PHOTO: Rescuers carry a child after latest Russian-regime bombing of al-Qaterji area of Aleppo (Karam al-Masri/AFP)


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UPDATE 1110 GMT: Defense Minister Sergei Shoigu has announced a 48-hour pause in Russian attacks on Aleppo, beginning at 9 am local time (7 am GMT) on Tuesday.

The Defense Ministry had said on Monday that the pause would be eight hours, but aid workers said this was insufficient to allow for any assistance (see below).

Shoigu repeats Russia’s line — also used soon after the imposition of a siege in late July — that “humanitarian corridors” would allow residents and surrendering rebels to leave east Aleppo, even though there is no evidence that the corridors exist.


UPDATE 1100 GMT: The public administration of opposition-held Aleppo has announced that 80% of drinking water is out of service in and near Aleppo, because of regime and Russian airstrikes.

The Russian-regime attacks destroyed power lines supplying two pumping stations southwest of Aleppo last month. A third station north of the city is near the frontline of fighting between pro-Assad and rebel forces.


ORIGINAL ENTRY: The European Union has said that Russia’s bombing of civilians in Syria may constitute war crimes, but has taken no action against Moscow.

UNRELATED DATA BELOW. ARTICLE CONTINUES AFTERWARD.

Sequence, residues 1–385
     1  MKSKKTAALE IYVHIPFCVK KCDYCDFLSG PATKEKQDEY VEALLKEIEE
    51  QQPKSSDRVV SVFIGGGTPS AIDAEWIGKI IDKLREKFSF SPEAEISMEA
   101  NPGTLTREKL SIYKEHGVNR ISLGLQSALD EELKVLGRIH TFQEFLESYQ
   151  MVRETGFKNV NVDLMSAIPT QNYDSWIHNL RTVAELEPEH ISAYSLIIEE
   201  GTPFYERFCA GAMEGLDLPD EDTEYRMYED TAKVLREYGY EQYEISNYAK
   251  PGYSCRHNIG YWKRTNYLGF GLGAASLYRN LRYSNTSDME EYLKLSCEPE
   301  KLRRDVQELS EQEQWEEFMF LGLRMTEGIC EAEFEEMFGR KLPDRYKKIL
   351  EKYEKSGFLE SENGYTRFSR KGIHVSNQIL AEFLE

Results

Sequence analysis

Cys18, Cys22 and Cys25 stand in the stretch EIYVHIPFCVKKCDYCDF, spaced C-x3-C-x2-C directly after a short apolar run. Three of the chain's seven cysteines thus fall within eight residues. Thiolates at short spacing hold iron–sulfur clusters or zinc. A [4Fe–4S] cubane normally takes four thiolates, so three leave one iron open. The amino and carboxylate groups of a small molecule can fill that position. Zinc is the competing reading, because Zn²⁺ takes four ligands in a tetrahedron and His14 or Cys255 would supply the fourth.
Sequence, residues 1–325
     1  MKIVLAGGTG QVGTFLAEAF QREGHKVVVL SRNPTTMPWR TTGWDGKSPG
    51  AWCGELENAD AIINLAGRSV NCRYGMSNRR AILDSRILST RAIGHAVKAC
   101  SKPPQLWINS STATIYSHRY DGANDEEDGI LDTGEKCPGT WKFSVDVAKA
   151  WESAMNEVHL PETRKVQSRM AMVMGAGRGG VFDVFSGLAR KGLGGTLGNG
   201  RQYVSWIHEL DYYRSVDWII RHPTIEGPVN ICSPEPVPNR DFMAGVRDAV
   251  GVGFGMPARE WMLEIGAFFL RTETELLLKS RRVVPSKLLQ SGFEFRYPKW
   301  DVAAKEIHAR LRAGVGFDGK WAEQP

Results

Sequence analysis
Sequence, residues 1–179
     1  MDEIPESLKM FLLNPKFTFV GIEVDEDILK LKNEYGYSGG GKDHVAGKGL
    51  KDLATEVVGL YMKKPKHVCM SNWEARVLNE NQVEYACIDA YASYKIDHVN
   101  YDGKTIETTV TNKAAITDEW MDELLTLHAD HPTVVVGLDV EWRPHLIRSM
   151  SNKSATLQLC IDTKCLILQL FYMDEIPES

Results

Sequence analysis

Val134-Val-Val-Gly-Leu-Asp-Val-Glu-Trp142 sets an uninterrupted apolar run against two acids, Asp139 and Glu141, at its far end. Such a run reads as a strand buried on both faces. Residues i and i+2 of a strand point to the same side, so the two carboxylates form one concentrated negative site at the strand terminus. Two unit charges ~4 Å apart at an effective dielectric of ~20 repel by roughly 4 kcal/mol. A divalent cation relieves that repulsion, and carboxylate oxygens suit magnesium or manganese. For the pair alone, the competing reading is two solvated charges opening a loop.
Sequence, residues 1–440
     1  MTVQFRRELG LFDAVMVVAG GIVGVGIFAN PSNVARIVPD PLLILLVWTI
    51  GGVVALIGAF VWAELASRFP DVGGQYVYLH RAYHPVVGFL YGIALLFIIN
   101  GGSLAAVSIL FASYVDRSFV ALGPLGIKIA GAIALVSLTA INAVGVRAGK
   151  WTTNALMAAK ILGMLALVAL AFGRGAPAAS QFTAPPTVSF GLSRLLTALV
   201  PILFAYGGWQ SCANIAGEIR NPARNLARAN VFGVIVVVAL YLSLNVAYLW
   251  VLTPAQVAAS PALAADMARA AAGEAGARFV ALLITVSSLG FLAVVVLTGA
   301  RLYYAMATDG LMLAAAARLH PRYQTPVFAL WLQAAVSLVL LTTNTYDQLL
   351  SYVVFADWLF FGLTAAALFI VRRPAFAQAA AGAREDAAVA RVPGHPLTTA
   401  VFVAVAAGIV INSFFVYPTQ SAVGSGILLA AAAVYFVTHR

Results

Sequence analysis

EU Foreign Ministers did agree to impose sanctions on some more Syrians linked to the Assad regime, and they called for a ceasefire in opposition areas of Aleppo city, where Russian-regime airstrikes have killed more than 600 civilians in the past month.

The Local Coordination Committees documented 99 deaths in and near Aleppo on Monday, many of them in Oweijel, west of the city.

Despite the renewal of international talks on Saturday, about 150 people have been killed in the past 48 hours.

“Since the beginning of the offensive by the regime and its allies, notably Russia, the intensity and scale of the aerial bombardment of eastern Aleppo is clearly disproportionate,” the EU said in its statement. It condemned “the deliberate targeting of hospitals, medical personnel, schools and essential infrastructure”, including with barrel bombs and chemical weapons, which “may amount to war crimes”.

The Foreign Ministers said the matter should be referred to the International Criminal Court, although it set out no procedure or timetable for doing so.

French Foreign Minister Jean-Marc Ayrault said the EU had a moral obligation to act and “to stop the massacre of the population of Aleppo”.

Retrieving a body in Oweijel, west of Aleppo, on Monday:

oweijel-body-17-10-16

No Action v. Russia

The EU also said it was ready to put more Syrians under travel bans and asset freezes, acting “swiftly…with the aim of imposing further restrictive measures against Syria, targeting Syrian individuals and entities supporting the regime as long as the repression continues”.

However, it did not — contrary to expectations of about 20 additions — extend its current list of 208 people and 69 companies under sanctions, and that was likely to grow to pressure the Assad government and those benefiting from it, diplomats said.